Deficiencies in repair of DNA identified in many types of solid tumors
WASHINGTON (May 17, 2017) — A new investigation of more than 48,000 stored tumor samples finds evidence of a key deficiency in a repair mechanism designed to keep DNA from being mutated and causing cancer.
The DNA repair deficiency, called homologous recombination deficiency, or HRD, has previously been studied in only a few cancers, but as researchers at Georgetown Lombardi Comprehensive Cancer Center report, HRD can be found in all of the cancer types the researchers studied, including prostate, breast, cervical, and endometrial cancers as well as two of the more deadly types: ovarian cancer and glioma, a type of brain cancer.
The researchers say the findings could play an important role in identifying which mutated genes, and which types of cancer, could be targeted to take advantage of the deficiency and ultimately help in treating the cancer. The abstract describing the work was released today. Additional details will be presented at the American Society of Clinical Oncology annual meeting next month in Chicago.
"We know that patients with BRCA mutations are at high risk for developing breast, as well as pancreatic, ovarian, prostate and other cancers, and we have learned over time that BRCA plays a very important role in DNA damage repair. But BRCA is just one of the many genes that encode important proteins in the DNA repair pathway known as homologous recombination," says the study's lead author, Arielle Heeke, MD, a clinical fellow at Georgetown Lombardi Comprehensive Cancer Center.
"With ongoing studies of the homologous recombination pathway and its impact on cancer development, we may identify additional genes that, when mutated, allow for either improved response to specific treatments or conversely, portend more aggressive tumor biology, and this could greatly inform development of new cancer therapies," Heeke explains.
In this study, Lombardi researchers partnered with Caris Life Sciences, Inc. Caris performed the molecular profiling on 48,733 solid tumor samples to assess the prevalence of homologous recombination deficiency in about 20 different types of solid tumors. The investigators identified evidence of HRD-related mutations in 11.61 percent of them, with the highest concentration of mutations in endometrial cancer, gliomas, and ovarian cancers (38, 15 and 12 percent respectively). The most commonly mutated genes were found to be the ATM, PTEN, BRCA2, BRCA1, and ATRX genes.
"We do not yet know the clinical impact of many of these mutations. However, several clinical trials are currently underway to assess a type of therapy that inhibits a DNA repair enzyme known as PARP in tumors with HRD," said Heeke. "In fact, Lombardi has a clinical trial that will open this summer evaluating the use of a PARP inhibitor in patients with tumors with this key deficiency."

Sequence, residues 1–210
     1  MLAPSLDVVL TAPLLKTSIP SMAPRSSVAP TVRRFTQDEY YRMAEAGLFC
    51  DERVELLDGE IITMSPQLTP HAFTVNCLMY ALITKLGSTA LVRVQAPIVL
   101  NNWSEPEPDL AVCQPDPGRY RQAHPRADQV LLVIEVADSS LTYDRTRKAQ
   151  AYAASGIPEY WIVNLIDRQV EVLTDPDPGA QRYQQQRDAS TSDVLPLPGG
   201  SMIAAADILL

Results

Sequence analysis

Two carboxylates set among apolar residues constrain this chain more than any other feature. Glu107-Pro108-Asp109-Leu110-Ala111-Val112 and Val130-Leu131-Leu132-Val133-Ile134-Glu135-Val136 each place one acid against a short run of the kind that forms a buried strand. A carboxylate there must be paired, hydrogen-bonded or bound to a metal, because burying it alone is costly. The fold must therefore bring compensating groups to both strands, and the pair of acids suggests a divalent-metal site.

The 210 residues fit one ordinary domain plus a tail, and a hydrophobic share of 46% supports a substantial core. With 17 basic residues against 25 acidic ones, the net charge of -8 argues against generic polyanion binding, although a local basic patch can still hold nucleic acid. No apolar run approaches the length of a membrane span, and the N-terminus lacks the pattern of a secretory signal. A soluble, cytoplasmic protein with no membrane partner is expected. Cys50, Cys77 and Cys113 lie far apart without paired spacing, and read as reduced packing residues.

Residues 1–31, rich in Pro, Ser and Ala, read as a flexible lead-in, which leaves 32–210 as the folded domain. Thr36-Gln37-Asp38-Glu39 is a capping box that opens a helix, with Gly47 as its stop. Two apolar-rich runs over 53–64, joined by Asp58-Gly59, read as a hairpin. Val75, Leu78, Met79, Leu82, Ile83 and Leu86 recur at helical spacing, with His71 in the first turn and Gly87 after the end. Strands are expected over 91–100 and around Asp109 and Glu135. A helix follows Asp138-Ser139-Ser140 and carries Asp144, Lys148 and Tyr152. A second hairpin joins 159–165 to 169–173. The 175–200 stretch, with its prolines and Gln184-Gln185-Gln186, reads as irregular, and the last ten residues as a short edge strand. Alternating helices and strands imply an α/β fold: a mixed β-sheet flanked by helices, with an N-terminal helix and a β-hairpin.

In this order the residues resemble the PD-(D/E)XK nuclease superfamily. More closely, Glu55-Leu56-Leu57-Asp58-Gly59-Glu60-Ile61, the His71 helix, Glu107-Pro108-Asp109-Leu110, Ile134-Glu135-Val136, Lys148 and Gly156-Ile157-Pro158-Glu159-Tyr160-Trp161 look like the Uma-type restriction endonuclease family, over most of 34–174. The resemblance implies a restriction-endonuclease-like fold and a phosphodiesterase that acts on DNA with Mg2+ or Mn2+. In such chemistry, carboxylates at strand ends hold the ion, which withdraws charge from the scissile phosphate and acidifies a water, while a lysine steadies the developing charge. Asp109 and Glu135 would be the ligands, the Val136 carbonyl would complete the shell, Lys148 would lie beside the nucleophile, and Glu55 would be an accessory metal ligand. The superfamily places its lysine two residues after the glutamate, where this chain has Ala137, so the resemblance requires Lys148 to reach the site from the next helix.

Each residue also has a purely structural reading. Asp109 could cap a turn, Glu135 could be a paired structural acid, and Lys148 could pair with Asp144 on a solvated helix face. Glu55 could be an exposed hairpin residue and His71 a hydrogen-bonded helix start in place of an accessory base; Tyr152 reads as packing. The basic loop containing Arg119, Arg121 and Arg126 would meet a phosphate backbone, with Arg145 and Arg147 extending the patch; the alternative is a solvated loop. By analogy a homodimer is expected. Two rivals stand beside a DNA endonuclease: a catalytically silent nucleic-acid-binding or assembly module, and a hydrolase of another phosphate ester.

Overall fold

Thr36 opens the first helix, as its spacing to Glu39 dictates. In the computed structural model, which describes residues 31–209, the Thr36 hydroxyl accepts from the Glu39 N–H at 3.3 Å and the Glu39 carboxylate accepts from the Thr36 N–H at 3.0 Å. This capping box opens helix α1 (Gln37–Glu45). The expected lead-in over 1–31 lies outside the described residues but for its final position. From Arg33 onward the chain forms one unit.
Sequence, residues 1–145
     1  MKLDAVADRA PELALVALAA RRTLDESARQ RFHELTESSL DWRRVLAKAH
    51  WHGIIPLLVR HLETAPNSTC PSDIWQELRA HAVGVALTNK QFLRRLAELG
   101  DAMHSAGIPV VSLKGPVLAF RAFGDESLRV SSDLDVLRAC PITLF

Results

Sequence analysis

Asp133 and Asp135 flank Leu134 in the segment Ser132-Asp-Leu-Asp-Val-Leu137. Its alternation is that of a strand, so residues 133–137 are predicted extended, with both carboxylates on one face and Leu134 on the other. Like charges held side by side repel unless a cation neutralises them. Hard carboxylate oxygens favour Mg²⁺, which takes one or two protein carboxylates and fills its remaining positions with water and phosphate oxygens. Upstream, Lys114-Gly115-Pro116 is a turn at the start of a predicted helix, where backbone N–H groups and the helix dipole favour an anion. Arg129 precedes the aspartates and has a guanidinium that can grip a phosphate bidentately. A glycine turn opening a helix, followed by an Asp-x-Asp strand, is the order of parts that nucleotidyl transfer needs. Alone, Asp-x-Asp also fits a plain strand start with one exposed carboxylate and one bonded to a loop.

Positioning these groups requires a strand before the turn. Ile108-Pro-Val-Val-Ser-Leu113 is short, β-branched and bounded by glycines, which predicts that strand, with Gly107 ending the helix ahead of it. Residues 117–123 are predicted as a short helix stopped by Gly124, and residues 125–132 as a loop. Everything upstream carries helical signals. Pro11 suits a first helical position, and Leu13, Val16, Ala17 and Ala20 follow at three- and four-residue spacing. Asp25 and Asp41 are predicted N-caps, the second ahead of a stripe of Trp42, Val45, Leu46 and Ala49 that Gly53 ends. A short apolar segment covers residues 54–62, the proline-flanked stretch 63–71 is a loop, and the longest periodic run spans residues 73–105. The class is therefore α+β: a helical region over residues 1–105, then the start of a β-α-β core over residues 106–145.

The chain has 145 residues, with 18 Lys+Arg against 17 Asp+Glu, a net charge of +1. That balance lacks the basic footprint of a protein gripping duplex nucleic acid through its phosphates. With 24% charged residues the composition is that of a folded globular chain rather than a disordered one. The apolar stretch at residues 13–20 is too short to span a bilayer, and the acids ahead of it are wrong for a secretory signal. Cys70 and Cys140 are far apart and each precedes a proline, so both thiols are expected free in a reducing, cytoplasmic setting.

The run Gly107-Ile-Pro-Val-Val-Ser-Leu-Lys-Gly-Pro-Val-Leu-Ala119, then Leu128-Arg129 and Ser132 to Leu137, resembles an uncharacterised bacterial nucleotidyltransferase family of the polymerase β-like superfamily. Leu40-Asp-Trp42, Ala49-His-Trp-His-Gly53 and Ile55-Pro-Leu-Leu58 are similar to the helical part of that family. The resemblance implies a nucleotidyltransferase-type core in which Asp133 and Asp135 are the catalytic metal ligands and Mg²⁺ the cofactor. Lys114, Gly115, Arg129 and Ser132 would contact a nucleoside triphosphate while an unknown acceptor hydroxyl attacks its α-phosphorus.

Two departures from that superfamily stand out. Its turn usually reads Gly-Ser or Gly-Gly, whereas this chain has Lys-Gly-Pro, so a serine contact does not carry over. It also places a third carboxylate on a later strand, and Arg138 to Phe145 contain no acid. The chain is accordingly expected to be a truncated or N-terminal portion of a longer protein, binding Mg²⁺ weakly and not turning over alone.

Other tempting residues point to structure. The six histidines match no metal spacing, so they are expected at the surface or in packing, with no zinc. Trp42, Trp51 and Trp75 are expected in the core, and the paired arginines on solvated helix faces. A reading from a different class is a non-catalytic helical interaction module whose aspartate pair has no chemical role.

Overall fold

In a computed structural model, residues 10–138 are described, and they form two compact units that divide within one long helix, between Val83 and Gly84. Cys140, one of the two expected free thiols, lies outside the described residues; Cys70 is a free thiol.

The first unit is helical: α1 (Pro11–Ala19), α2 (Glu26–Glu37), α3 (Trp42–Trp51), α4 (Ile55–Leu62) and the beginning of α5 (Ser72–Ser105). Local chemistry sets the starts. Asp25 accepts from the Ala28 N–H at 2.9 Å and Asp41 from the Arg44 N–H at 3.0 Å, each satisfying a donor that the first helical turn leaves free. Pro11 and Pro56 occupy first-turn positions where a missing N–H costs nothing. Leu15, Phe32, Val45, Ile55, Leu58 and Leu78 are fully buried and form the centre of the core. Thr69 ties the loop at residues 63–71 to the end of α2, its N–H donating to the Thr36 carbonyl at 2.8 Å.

Heeke says the study would be open to people whose tumors have evidence of HRD like those found in this study, which includes bladder, breast, cervix, liver and bile duct, colorectal, endometrial, gastric/esophageal, head & neck, kidney, neuroendocrine, lung, ovarian, pancreas, prostate, sarcoma, and thyroid cancers, as well as gastrointestinal stromal tumors, glioma, melanoma and unknown primary cancers. The trial "Niraparib Plus Carboplatin in Patients with Homologous Recombination Deficient Advanced Solid Tumor Malignancies" is not yet recruiting patients for enrollment.
"If, as we postulate, the combination of chemotherapy and PARP inhibition is successful in treating patients with HRD tumors, I expect that others will start exploring whether similar drugs or analogous therapies can make a difference in these diseases," Heeke concludes.
Co-authors include Filipa Lynce, Michael Pishvaian, and Claudine Isaacs of Georgetown Lombardi, and Tabari Baker of Caris Life Sciences, Inc.
Heeke and the other co-authors report having no personal financial interests related to the study. Caris, under the guidance of Baker, provided the tissue and ran the molecular profiling on solid tumor samples collected from across the United States.
About Georgetown Lombardi Comprehensive Cancer Center
Georgetown Lombardi Comprehensive Cancer Center is designated by the National Cancer Institute as a comprehensive cancer center — the only cancer center of its kind in the Washington, DC area. A part of Georgetown University Medical Center and MedStar Georgetown University Hospital, Georgetown Lombardi seeks to improve the diagnosis, treatment, and prevention of cancer through innovative basic and clinical research, patient care, community education and outreach, and the training of cancer specialists of the future. Connect with Georgetown Lombardi on Facebook(Facebook.com/GeorgetownLombardi) and Twitter (@LombardiCancer).
About Georgetown University Medical Center
Georgetown University Medical Center (GUMC is an internationally recognized academic medical center with a three-part mission of research, teaching and patient care (through MedStar Health). GUMC's mission is carried out with a strong emphasis on public service and a dedication to the Catholic, Jesuit principle of cura personalis — or "care of the whole person." The Medical Center includes the School of Medicine and the School of Nursing & Health Studies, both nationally ranked; Georgetown Lombardi Comprehensive Cancer Center, designated as a comprehensive cancer center by the National Cancer Institute; and the Biomedical Graduate Research Organization, which accounts for the majority of externally funded research at GUMC including a Clinical and Translational Science Award from the National Institutes of Health. Connect with GUMC onFacebook (Facebook.com/GUMCUpdate), Twitter (@gumedcenter) and Instagram (@gumedcenter).